Notes from http://205poetry.pbworks.com/w/page/822046/First%20Fight%20Then%20Fiddle, last edited by Kvani 10 years, 9 months ago
1. The scheme is similar to the Italian structure because it has an octave but the endings differ, however at the same time it ends in a couplet which is characteristic of the English style
2. Way in which form relates to the poems meaning: Brooks indicates through her poem that you have to overcome obstacles before being able to enjoy an art form. For example, she illustrates in this particular poem that you must fight before playing the fiddle. Form and line structure in particular must be thought of prior to writing the poem in order to connect it to the theme properly,
3. First half of the poem (prior to the turn) focuses more on the idea of the fiddle whereas the second part focuses more on the obstacles that must be overcome in order to the play the fiddle
4. Turn - at the start of the sestet Brooks uses the Italian and English structures of a sonnet to show how she can blend the two structures together. During this time, poets may have wanted to move away from the norms of poetry and therefore wanted to create their own unique form by combing the two structures.
5. Meter and Rhyme structure - Brooks does not stress the meter, line, or rhyme because many rhymed lines are connected to the following line in terms of meaning = enjambment
Sample Essay: "Hurting Love": Reckoning Poetry's Costs In Gwendolyn Brooks' "First Fight. Then Fiddle," by Robert Matz, English 201.025, from http://mason.gmu.edu/~rmatz/%21SAMPLE__PAP.htm
Gwendolyn Brooks' "First fight. Then Fiddle." initially seems to argue for the necessity of brutal war in order to create a space for the pursuit of beautiful art. The poem is more complex, however, because it also implies both that war cannot protect art and that art should not justify war. Yet if Brooks seems, paradoxically, to argue against art within a work of art, she does so in order create an artwork that by its very recognition of art's costs would justify itself.
Brooks initially seems to argue for the necessity of war in order to create a safe space for artistic creation. She suggests this idea quite forcefully in the paired short sentences that open the poem: "First fight. Then fiddle." One must fight before fiddling for two reasons. First, playing the violin would be a foolish distraction if an enemy were threatening one's safety; it would be, as the phrase goes, "fiddling while Rome burns." Second, fighting the war first would prepare a safe and prosperous place where one could reasonably pursue the pleasures of music. One has to "civilize a space / Wherein to play your violin with grace." It should be noted further that while Brooks writes about securing a "civilized" place to play the violin, she seems clearly to be using this playing as an image for art in general, as her more expansive references to "beauty" or "harmony" suggest.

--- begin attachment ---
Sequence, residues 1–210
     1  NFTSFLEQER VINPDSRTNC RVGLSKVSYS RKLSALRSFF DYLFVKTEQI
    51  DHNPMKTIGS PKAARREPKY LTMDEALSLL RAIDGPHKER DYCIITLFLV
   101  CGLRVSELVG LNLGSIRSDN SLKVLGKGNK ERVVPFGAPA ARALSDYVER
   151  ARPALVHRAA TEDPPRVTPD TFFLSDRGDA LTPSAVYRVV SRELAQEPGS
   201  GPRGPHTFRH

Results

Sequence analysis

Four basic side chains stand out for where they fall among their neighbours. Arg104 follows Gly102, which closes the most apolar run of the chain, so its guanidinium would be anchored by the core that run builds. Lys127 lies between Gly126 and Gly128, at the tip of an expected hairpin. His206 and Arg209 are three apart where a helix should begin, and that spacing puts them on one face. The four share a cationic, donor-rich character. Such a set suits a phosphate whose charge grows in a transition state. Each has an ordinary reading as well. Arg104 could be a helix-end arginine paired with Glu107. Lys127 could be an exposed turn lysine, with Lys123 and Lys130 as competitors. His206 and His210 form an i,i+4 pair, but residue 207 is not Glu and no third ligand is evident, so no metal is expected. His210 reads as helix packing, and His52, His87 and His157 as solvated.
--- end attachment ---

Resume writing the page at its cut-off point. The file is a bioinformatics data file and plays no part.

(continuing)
Nonetheless, much that Brooks writes about the necessity to fight before fiddling indicates the she does not support this idea, at least not fully. For example, Brooks describes making beautiful music as being "remote / A while" from "malice and murdering." In addition to the negative way Brooks describes war in this line, as murder motivated by malice, the phrase "a while" significantly qualifies the initial command to "First fight. Then fiddle." While this initial command seems to promise that one will only have to fight once in order to create a safe space for art, the phrase "a while" implies rather that this space is not really safe, because it will only last for a short time. War will begin again after "a while" because wars create enemies and fail to solve underlying conflicts. The beauty of violin playing remains illusory if it makes us forget that the problem of war has not really gone away.